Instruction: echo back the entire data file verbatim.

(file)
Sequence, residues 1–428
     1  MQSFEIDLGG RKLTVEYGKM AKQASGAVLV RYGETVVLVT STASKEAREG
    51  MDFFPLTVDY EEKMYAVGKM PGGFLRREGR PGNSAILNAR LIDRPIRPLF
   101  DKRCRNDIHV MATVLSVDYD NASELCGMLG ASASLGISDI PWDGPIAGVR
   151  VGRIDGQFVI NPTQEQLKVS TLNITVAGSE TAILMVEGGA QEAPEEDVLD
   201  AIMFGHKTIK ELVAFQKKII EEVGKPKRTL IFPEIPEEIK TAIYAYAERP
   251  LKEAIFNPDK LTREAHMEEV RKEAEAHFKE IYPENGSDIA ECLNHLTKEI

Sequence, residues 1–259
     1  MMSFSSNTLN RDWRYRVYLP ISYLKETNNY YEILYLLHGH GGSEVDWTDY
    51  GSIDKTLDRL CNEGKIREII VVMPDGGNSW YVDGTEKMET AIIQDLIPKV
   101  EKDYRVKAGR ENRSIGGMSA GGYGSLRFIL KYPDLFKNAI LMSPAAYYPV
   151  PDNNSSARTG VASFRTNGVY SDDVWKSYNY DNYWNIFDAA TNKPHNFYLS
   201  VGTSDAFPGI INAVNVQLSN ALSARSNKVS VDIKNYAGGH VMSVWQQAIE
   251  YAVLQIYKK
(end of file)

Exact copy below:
Sequence, residues 1–428
     1  MQSFEIDLGG RKLTVEYGKM AKQASGAVLV RYGETVVLVT STASKEAREG
    51  MDFFPLTVDY EEKMYAVGKM PGGFLRREGR PGNSAILNAR LIDRPIRPLF
   101  DKRCRNDIHV MATVLSVDYD NASELCGMLG ASASLGISDI PWDGPIAGVR
   151  VGRIDGQFVI NPTQEQLKVS TLNITVAGSE TAILMVEGGA QEAPEEDVLD
   201  AIMFGHKTIK ELVAFQKKII EEVGKPKRTL IFPEIPEEIK TAIYAYAERP
   251  LKEAIFNPDK LTREAHMEEV RKEAEAHFKE IYPENGSDIA ECLNHLTKEI

Sequence, residues 1–259
     1  MMSFSSNTLN RDWRYRVYLP ISYLKETNNY YEILYLLHGH GGSEVDWTDY
    51  GSIDKTLDRL CNEGKIREII VVMPDGGNSW YVDGTEKMET AIIQDLIPKV
   101  EKDYRVKAGR ENRSIGGMSA GGYGSLRFIL KYPDLFKNAI LMSPAAYYPV
   151  PDNNSSARTG VASFRTNGVY SDDVWKSYNY DNYWNIFDAA TNKPHNFYLS
   201  VGTSDAFPGI INAVNVQLSN ALSARSNKVS VDIKNYAGGH VMSVWQQAIE
   251  YAVLQIYKK